Friday, 26 September 2014

Discworld Noir

I had a burst of nostalgia for this old game, and nothing would do but to dust off the old discs and Google for a guide on running it on Windows 7 (will add a link if anyone's interested). Unsurprisingly nostalgia has a lot to answer for, but there's still plenty of merit in this old gem.

The first thing that struck me was the disparity between the background art and the character models. It always seems to be the case with older adventure games that a huge amount of care and attention goes into the largely static backgrounds, but the technology of the time isn't far enough ahead to have animations and character models to match. It seems apparent that it was the intent to have cartoony style character models, but they still look hideous. Mankin for example, looks like he has arms made of plasticine, which might fall off if you poke him. Another minor issue with the artwork is how dark it is. Yes I realise it is *noir*, but it's also an adventure game, and it's quite tiresome to reach a dead end purely because the backgrounds are too dark to make out exits or hotspots. You can control the gamma level from ingame, but this just results in pixelation.

The music is great, and really fits the noir theme, but the voice acting is a bit hit and miss. Nobby is a personal favourite, but several characters either had a voice that didn't fit the character (in my opinion), or were acted so poorly that I just had to click through all their dialogue. Lewton's voice is fairly inoffensive, though it always had me raising an eyebrow when he pronounced 'question' with a W. As it is a detective mystery, much of the game does involve talking to people, so I could never really get drawn in.

The story I think is where it shines. It's a prime example of the Discworld - it takes a common story, a common trope and runs off with it. It puts it's own Discworld twist on the story and constantly pokes fun at itself (and us). I didn't keep playing to find out what happens next (it's striking similarities to an iconic noir novel won't leave you in suspense), I kept playing for the subtle and not-so-subtle gags. It's for the same reason that I continue to read the books.

The gameplay is a bit of mixed bag. As one would expect, the gameplay mostly revolves around collecting clues and talking to people. Lewton writes down case notes in his notebook which he can use to quiz various characters and suspects. He can also combine these clues to learn something new, but this is only really used for one puzzle. It's a shame as it's been used to much greater effect in more recent games, like the Blackwell games. There is an interesting puzzle mechanic in the latter half of the game, but technically speaking it boils down to an inventory puzzle. It still requires a bit of thinking outside the box though. The pacing and linearity was something that aggravated me though. As you progress further into the game you pick up other cases to investigate, and it's never really clear which you're meant to focus on. I found myself following a lead for one case only to hit a dead end as the person I thought I needed to speak with was no longer there. I later realised that I was meant to investigate one of the other cases to move the overall plot along, so that the person would reappear.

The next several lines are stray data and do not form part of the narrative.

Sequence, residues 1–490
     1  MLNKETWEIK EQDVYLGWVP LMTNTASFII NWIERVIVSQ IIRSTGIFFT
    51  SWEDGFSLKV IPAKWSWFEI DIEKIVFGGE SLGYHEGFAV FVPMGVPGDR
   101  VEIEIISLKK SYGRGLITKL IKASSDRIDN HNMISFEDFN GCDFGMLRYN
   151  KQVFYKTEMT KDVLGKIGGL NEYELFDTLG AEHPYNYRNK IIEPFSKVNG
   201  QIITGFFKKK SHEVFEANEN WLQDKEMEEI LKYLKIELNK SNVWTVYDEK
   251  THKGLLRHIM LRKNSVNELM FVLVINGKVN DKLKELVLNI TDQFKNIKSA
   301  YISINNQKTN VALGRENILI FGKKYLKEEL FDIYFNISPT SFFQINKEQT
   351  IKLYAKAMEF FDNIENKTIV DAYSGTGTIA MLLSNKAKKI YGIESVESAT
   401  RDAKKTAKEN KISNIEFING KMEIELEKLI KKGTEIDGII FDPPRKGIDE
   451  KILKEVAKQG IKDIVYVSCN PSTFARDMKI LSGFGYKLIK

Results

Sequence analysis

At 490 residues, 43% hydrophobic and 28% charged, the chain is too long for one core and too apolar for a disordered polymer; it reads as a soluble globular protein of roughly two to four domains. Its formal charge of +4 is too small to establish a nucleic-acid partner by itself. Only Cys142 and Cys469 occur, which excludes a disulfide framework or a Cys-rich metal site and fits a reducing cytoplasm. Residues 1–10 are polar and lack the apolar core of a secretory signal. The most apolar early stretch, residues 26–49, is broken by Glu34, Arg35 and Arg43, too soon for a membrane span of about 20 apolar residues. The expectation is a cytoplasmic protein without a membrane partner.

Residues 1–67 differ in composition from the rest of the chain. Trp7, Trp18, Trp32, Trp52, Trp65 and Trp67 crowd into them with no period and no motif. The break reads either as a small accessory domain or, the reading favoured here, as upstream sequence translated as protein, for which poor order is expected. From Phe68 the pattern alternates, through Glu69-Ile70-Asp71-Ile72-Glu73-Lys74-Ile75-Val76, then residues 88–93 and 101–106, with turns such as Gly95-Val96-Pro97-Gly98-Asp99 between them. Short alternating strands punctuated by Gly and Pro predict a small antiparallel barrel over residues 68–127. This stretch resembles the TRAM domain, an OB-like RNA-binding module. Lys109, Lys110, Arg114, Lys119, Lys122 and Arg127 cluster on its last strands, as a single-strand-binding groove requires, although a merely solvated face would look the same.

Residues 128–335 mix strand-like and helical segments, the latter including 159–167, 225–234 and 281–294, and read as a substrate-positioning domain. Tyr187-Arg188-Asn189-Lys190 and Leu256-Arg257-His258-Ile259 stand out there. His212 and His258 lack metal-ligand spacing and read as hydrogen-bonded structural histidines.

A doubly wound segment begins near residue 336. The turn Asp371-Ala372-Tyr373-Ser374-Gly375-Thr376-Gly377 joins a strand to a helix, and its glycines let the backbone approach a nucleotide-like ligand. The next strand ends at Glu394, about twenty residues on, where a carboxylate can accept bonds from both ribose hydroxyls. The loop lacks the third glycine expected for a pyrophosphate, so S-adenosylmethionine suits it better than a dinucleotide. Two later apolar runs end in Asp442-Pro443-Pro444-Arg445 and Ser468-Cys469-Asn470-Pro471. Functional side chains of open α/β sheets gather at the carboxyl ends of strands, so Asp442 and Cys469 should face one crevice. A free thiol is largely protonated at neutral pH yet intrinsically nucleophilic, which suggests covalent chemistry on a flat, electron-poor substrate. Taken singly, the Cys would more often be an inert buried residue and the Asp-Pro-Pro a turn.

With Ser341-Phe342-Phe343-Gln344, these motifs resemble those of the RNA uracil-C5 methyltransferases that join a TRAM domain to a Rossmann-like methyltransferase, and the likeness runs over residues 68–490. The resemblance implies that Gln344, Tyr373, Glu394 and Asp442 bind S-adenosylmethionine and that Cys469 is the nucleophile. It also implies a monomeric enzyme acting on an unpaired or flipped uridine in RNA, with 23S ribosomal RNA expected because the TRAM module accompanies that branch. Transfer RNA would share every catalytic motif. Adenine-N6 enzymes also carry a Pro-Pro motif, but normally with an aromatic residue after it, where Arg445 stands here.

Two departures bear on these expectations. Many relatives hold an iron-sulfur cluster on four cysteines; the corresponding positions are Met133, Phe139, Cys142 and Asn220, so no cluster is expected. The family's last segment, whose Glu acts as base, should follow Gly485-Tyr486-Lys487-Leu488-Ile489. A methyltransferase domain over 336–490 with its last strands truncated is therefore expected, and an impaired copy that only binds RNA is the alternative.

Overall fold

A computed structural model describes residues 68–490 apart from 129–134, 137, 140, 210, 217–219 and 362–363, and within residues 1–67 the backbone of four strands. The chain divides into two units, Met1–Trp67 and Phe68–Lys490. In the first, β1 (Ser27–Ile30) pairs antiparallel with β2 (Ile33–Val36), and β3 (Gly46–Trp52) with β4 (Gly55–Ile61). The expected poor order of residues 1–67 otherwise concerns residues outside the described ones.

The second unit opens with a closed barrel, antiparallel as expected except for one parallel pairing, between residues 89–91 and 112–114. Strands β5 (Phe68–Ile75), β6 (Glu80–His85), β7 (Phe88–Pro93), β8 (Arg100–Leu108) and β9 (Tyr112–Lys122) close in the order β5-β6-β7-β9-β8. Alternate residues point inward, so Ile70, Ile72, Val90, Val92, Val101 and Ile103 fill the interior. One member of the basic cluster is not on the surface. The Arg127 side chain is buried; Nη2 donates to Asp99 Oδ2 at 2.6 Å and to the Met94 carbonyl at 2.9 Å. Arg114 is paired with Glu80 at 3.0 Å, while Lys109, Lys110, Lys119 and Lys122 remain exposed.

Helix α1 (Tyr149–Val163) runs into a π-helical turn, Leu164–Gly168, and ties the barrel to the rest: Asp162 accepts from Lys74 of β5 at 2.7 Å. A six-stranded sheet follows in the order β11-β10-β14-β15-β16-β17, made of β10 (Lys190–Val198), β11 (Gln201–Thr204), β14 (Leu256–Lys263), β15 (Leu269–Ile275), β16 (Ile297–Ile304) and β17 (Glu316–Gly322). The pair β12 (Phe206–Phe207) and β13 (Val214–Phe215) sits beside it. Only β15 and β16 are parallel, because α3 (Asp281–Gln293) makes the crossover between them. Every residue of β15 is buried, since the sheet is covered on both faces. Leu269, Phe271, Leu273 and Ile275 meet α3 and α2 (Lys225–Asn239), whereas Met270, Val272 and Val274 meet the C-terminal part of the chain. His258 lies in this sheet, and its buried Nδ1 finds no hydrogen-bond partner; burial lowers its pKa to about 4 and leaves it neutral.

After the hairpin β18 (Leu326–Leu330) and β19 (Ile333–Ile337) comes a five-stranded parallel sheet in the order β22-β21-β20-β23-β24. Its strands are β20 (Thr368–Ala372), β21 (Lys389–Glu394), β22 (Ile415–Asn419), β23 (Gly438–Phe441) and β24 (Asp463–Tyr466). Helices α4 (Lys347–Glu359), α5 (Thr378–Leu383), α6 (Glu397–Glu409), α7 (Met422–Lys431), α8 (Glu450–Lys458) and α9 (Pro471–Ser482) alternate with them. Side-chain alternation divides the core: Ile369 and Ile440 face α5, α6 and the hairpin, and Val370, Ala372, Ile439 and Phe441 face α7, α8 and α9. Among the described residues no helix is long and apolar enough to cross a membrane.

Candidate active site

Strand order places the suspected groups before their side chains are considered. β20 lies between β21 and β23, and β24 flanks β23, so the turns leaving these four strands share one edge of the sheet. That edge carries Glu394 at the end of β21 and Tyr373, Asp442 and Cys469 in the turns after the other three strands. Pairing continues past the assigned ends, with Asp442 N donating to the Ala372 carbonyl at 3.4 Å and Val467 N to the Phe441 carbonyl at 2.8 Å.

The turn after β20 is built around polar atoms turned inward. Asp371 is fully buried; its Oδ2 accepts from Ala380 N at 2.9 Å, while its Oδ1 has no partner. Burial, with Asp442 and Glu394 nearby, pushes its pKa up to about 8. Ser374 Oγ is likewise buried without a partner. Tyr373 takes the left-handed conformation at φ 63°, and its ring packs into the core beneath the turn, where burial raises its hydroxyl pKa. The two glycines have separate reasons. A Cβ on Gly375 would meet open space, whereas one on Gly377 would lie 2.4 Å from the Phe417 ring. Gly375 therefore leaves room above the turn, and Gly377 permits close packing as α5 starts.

In conclusion, I'd say this is a game more geared at Discworld fans. I can imagine the setting being somewhat confusing if you're not familiar with it, and the blatant parody of the Maltese falcon may seem like sloppy writing. While it tries to go beyond the standard adventure game, it doesn't quite go far enough with it. It's an acceptable adventure game, but it doesn't bring anything much new to the table, and relies too heavily on it's IP. It's an amusing little romp, but maybe not worth the time and effort it takes to get it running on modern OS...